As photographers, we're used to being behind the camera, contorting and squishing our faces against the viewfinder to get the shot. Wondering what we looked like behind all of that, Richard Johnson used his latest project, "Behind the Mask," to capture the moment when photographers capture a moment.
I have been unfailing in my anti-spoiler vigilance. I haven't watched previews, I haven't read articles, I haven't clicked links. A trailer came on during the finale of Fargo Monday night and I ran from the room with my hands over my ears. I'm taking this seriously. So it was with much trepidation that I finally clicked on this link I've been seeing around for Time Magazine's cover photos featuring the world-renowned R2-D2, and the king of the Weeble Wobbles BB-8.
Cooperative of Photography has brought us this slick little video that gives us a taste of the evolution of camera technology from the past 200 years condensed down into a sub-two minute demonstration. Austrian photographer Leo Rosas executes this project with a single model and 11 portraits, each representing a significant milestone in the development of photographic capture tools starting with the pinhole camera obscura, all the way to the modern cell phone.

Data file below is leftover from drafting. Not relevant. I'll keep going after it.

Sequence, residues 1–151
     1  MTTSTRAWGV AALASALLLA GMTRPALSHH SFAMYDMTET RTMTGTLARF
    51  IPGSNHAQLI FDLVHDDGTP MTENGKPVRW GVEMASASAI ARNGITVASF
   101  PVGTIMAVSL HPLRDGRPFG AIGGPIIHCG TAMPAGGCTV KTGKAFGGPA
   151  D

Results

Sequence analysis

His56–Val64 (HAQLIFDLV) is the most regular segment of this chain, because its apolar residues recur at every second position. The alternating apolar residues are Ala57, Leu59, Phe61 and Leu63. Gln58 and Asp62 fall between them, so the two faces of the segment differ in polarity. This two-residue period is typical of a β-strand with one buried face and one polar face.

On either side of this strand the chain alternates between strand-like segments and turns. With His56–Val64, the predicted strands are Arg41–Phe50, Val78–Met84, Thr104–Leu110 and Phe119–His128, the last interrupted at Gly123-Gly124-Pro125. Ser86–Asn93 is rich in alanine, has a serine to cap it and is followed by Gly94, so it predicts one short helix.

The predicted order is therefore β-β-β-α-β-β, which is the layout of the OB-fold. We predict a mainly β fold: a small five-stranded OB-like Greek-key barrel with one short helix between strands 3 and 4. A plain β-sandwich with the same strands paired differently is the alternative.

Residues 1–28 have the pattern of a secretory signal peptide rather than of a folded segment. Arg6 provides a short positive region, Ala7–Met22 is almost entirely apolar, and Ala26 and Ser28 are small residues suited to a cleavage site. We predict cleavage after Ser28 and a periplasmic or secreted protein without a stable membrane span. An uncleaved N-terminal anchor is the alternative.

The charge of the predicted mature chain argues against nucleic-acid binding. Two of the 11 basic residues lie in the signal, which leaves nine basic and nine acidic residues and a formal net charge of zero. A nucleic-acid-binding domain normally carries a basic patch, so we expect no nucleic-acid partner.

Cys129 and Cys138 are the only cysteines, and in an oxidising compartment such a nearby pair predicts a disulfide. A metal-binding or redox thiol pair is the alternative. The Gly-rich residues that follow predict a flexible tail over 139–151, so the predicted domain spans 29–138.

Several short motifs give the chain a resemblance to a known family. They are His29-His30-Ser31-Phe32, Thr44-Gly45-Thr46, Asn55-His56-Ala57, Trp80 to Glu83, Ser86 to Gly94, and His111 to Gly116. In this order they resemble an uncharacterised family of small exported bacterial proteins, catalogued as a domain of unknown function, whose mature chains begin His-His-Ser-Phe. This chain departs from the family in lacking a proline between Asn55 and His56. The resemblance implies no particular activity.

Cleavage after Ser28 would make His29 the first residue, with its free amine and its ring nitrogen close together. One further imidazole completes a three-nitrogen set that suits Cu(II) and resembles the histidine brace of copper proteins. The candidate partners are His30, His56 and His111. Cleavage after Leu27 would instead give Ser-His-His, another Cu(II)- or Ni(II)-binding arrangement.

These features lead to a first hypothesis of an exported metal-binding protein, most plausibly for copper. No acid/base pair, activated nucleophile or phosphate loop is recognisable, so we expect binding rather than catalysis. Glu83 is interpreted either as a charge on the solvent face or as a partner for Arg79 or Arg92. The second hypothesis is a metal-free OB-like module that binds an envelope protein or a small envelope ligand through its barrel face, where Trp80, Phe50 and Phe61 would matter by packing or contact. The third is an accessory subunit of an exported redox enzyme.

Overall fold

Several of my associates are surprised to find out that, based on my 3+ years of traveling to give workshops, something like 75% of my class attendees see retouching as a necessary evil, or otherwise disliked doing it and wished they didn't have to bother with it. They all wanted to be good at it, but for many and varied reasons, weren't. And sometimes I am asked "How important is retouching anyway?" So I decided to record a mini-episode of my web series to talk about it a bit.
Being involved in any creative industry usually guarantees one thing: we’re never happy with the work we produce. At least not for long. We’re constantly striving to better ourselves and the work we’re putting out. And in the age of the internet, we’re consuming more images from other photographers than ever, meaning that it’s all too easy to compare our work to that of our peers. For years I questioned my own shooting style, but here’s why I believe you should learn to love your photographic approach just the way it is.
Recently, I had the opportunity to have a conversation with photographer Noah Abrams. I talked with him about his work, some ongoing projects, and his day to day life. Noah grew up skateboarding in Columbus, Ohio. He also mentioned to me that he never truly considered photography as a career until later into his 20's, although he had dabbled with it for years throughout high school and college. To learn all of this, I began with a question that many people have for working photographers: where did your initial interest in photography come from?